Each country and state has its own set of electric bicycle laws, but there are some basic requirements that are quite common to most countries.
In most countries, electric bicycles are treated as regular bikes, as long as some specific limitations being followed.
In most countries there are limitations on the motor continues power, and on the bicycle speed at which the power from the motor must be cut out automatically (the cyclist may exceed this limit by using his or her own power).
Here you will find general information on electric bicycle laws in the US and in Europe, where electric bicycles are most popular. At the bottom you can find a summary table of laws in more countries.
If you are interested in detailed and updated electric bicycle laws, I would suggest getting this information from a reliable source such as Wikipedia.
The United States does not define an electric bicycle as a motor vehicle, so they are not subject to the same laws as motorcycles or power scooters. Each state has adopted its own electric bicycle laws.
The U.S. Federal Government has enacted two primary federal laws regarding electric bicycles: they must be 750 watts or less, and the maximum speed of an electric bicycle cannot exceed 20 miles per hour for low-speed, electric bicycles.
There are separate laws for higher speed electric bicycles, but these bicycles have no Federal required wattage or speed on record. In addition, all states consider electric bicycles zero emission vehicles.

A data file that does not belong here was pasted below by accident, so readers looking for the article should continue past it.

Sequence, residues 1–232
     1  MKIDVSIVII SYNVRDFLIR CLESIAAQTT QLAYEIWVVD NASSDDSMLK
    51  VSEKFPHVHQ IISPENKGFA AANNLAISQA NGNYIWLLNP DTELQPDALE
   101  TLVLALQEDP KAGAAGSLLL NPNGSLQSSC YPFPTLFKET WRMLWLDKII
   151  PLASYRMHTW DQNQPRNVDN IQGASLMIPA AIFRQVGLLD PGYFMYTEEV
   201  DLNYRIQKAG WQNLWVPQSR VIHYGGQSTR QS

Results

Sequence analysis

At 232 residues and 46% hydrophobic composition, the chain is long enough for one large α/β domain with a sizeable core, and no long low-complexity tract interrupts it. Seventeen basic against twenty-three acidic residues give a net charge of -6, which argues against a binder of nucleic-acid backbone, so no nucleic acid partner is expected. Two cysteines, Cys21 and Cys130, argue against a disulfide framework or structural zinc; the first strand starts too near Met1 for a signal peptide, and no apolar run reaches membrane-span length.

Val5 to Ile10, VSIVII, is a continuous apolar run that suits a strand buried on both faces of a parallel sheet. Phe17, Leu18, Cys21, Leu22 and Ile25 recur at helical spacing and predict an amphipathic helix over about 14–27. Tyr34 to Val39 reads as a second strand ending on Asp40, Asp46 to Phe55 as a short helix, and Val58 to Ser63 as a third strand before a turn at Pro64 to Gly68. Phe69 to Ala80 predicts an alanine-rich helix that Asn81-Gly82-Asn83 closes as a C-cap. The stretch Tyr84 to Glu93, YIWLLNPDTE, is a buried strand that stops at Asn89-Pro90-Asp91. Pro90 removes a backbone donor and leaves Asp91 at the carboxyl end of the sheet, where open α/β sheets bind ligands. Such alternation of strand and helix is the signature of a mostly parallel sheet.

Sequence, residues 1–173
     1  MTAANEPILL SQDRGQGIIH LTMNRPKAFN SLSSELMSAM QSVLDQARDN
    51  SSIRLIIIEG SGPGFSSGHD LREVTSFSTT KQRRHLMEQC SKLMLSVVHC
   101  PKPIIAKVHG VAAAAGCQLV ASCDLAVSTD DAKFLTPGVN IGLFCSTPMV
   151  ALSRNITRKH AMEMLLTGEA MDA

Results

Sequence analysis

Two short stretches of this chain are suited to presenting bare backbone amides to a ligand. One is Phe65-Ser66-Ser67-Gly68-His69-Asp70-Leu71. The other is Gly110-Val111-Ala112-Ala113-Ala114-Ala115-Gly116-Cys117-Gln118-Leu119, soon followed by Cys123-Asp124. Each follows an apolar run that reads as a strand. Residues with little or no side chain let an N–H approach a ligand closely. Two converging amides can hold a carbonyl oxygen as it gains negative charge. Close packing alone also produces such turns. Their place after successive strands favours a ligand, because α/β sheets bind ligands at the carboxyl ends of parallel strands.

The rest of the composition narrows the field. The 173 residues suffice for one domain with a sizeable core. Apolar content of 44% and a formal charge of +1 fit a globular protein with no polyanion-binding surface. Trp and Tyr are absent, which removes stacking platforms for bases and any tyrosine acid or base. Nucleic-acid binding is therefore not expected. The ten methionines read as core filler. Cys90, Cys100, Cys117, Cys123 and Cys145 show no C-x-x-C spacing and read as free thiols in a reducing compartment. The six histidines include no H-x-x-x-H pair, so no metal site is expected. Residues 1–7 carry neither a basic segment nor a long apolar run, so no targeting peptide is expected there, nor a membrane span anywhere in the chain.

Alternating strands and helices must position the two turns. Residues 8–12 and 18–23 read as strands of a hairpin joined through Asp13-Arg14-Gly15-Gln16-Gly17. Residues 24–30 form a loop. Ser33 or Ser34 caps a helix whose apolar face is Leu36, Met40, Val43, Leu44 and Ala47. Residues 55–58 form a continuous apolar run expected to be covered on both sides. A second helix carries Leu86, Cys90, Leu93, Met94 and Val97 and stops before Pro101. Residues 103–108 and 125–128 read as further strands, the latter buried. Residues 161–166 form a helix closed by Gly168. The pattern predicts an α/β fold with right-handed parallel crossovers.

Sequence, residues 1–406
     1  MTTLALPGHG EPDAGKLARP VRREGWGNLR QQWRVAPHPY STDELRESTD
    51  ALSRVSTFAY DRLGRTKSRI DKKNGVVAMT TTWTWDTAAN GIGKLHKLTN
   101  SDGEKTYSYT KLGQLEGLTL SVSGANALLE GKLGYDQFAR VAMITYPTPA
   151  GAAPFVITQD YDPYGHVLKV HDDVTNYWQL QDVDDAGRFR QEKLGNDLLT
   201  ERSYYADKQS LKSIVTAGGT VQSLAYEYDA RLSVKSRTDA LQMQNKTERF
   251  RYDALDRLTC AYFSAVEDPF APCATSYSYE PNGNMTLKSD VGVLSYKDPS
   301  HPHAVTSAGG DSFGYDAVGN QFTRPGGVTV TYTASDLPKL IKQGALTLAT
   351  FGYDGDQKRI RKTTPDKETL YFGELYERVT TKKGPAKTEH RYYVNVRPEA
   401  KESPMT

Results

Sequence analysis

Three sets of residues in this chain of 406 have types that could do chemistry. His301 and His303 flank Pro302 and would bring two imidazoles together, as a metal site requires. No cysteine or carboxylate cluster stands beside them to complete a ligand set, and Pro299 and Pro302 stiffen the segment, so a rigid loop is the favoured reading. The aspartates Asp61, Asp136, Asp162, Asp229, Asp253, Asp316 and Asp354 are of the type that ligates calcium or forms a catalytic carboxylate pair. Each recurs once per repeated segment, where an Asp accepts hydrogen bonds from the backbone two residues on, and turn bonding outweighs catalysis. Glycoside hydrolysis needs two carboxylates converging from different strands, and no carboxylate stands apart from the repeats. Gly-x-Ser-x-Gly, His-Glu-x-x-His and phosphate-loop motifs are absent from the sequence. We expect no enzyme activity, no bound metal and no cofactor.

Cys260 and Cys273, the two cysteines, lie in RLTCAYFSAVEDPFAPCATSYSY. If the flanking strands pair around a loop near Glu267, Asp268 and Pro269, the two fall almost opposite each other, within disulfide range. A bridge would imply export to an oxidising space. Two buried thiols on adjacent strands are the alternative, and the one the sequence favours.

The following is a list of general rules and approximate ranges regarding e-bike laws in the United States:
- Helmet – Most states do not require a helmet to ride an electric bicycle. California, Iowa, and Tennessee are the only states which require a helmet for all riders. Georgia, New Hampshire, and Oregon require a helmet for riders under age 16. All other users in all other states have no helmet requirements, but a helmet is definitely recommended.
- Age Requirement – Most states do not have a minimum age requirement to operate an electric bicycle. Electric bicycle laws in California, Illinois, Iowa, and Oregon require drivers to be 16 years or older. In Alabama, Connecticut, New Hampshire, and Tennessee drivers must be 14 years of age or older, and in Oregon if you’re under age 10 a permit is required. In D.C. you must be at least 18, and no other states have an age requirement to operate an electric bicycle.
- License – Alabama, Arkansas, DC, Maryland, and Tennessee all require a specific license to operate an electric bicycle, but no other states have electric bicycle laws requiring a license to operate an electric bicycle.
Europe is home to one of the largest population of cyclists in the world.
Did you know...?
Did you know that electric bicycles can regulate their own speed?
Almost all electric bicycles will automatically cut off power output when a certain speed is reached (e.g. 20 miles an hour) to prevent users from exceeding the legal speed limit. This gives you a sense of security when riding your e-bike around town.
Electric bicycle laws in Europe are relatively friendly but there are significant differences between various European countries.
In Europe and the UK in general, electric bicycles are treated like non-electric bicycles in the sense that there are no restrictions in forms of mandatory license, road tax or insurance. In addition, users of electric bicycles do not need to wear a helmet or other protective gear that is normally associated with motorcycles.